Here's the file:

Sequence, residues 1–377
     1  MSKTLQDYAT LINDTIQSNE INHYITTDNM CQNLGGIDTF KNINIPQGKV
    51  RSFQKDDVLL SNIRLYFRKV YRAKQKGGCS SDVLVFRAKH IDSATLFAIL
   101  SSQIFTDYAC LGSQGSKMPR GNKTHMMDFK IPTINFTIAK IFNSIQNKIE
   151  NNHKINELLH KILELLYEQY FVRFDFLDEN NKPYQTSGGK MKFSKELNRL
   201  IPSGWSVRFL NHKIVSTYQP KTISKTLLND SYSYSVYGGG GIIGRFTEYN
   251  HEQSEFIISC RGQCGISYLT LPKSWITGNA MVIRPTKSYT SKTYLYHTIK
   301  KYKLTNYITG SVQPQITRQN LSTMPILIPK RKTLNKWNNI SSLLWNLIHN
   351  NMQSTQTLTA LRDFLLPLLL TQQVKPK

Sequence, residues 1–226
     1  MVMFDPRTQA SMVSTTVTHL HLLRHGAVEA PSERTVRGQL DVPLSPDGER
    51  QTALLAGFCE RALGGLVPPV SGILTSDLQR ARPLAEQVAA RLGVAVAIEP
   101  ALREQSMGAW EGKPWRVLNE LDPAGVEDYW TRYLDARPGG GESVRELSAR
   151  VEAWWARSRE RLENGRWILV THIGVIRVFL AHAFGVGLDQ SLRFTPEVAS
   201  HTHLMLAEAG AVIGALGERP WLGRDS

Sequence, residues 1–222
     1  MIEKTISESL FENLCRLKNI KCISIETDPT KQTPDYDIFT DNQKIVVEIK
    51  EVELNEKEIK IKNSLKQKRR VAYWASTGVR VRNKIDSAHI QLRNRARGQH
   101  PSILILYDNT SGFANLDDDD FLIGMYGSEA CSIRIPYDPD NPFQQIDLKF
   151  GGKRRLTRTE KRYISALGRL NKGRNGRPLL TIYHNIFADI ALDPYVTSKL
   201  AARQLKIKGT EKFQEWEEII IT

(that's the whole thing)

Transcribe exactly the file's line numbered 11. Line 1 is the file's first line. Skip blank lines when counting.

     1  MVMFDPRTQA SMVSTTVTHL HLLRHGAVEA PSERTVRGQL DVPLSPDGER